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RBNZ reform could bring in deposit insurance

New Zealand may finally implement deposit protection as part of a review of the Reserve Bank.

New Zealand is currently the only country in the OECD without any kind of deposit insurance. This means that if a bank fails depositors have no protection and the Reserve Bank could give savers 'haircuts' to help recapitalise a failing bank. That means savers deposits would be cut arbitrarily by the Reserve Bank to ensure the bank could reopen. 

A temporary deposit protection scheme was established during the financial crisis to give spooked depositors confidence in the banking sector, but it lapsed in 2010. 

Then-Reserve Bank Governor Alan Bollard said at the time that “in the absence of a Government guarantee, it is vital that depositors understand the risks and the potential trade-off between risk and return”.  

This is a key argument of deposit protection detractors. They argue a protection regime encourages banks to take unnecessary risks, knowing their customers have no incentive to evaluate those risks before choosing a bank. 

But this is usually counterweighted against the fact that consumers often lack sufficient knowledge to assess their institution’s viability and in a small and relatively exposed country, a large shock could hurt even the strongest financial institutions.

The announcement was made by Finance Minister Grant Robertson when releasing the terms of reference for phase two of the Reserve Bank Act Review on Thursday.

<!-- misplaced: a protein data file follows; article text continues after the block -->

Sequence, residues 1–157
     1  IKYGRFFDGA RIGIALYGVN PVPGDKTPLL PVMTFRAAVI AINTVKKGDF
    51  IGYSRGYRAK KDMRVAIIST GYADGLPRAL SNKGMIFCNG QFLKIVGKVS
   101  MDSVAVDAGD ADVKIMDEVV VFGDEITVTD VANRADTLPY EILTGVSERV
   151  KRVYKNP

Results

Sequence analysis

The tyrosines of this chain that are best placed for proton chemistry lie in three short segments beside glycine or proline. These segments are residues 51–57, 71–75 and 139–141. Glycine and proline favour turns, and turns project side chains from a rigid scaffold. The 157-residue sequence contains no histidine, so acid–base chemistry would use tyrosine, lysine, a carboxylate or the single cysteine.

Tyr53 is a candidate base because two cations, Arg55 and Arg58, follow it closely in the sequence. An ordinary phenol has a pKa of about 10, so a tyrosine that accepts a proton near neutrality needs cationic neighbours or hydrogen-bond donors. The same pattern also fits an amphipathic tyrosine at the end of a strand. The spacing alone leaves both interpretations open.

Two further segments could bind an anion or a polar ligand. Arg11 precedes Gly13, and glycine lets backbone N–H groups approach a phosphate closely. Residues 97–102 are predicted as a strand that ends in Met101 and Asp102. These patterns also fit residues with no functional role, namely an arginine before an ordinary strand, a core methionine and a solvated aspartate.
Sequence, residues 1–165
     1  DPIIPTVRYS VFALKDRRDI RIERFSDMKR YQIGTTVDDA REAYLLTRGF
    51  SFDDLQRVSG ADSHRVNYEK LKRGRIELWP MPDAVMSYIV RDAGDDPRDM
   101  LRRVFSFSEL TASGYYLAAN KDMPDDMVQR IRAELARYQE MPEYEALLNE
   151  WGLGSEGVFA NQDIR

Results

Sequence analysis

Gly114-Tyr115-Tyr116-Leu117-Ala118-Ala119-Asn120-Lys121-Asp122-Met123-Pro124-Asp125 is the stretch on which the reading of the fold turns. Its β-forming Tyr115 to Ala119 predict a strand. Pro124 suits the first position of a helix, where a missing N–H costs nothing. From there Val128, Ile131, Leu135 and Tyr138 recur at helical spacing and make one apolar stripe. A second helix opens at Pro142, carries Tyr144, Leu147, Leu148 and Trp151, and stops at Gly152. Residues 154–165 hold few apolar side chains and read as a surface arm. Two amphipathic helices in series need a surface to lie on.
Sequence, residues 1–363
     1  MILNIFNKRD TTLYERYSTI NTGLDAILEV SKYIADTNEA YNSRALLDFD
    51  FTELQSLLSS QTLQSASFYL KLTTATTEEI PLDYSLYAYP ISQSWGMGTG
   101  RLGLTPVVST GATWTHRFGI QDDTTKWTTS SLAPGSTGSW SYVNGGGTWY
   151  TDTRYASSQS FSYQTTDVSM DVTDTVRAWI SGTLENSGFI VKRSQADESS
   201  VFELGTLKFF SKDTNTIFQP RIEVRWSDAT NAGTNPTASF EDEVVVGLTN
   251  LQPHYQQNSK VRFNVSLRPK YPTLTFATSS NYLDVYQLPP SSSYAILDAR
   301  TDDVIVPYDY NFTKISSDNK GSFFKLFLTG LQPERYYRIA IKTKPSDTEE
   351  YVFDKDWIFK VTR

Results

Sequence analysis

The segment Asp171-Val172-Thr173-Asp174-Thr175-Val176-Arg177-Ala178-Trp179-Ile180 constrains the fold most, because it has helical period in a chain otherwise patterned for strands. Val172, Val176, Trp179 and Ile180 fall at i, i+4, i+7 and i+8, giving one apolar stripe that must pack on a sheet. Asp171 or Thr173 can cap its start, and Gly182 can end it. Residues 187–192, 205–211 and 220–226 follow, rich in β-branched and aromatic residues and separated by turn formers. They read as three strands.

The review is part of a shake-up of the Reserve Bank Act, which is now nearly 30 years old, although its role expanded in the late 2000s to include insurance companies and non-bank deposit takers. 

Details of phase one of the review, focusing on the bank’s role in setting monetary policy, were announced on March 26. 

Other aspects that will be reviewed include macro-prudential policy, cooperation with Australian regulatory agencies, and crisis management. 

Orr keen on DTIs

Much of that thinking will be guided by the IMF’s 2017 Financial System Stability Assessment.

That report suggested the inclusion of a debt-to-income tool to supplement the bank’s current loan-to-value tool. This would prevent banks lending to people who were unlikely to be able to service their debt. 

The Reserve Bank, which will be part of the review, is known to seek the inclusion of the debt-to-income tool in its macro-prudential "tool kit". Governor Adrian Orr told a select committee in May that he was “positively pursuing them” through the review.

"We really do want to get our heads around it. If it is a tool where no one is worse off and someone may be better off then we would like to add it to our tool kit," he said.

Another recommendation made by the IMF was for the bank to move from its “three pillars” approach to regulation. These pillars are “self, market, and regulatory discipline”. It argues the bank should adopt a more intensive approach to supervision of the financial system.

A levy on banks?

The IMF also said the bank operated under “specific resource constraints” and that staff numbers were “insufficient”. It recommended increasing resources and technical capacity to keep up with the bank’s regulatory role. 

The funding for that extra resource will have to come from somewhere. This review will question whether industries regulated by the bank should pay for the privilege. The terms of reference include looking at whether an industry levy would be appropriate.

Whatever changes are suggested will come slowly. The terms of reference do not say when the review is due to report, only that legislative changes are expected to be implemented within the current parliamentary term, which ends in 2020.

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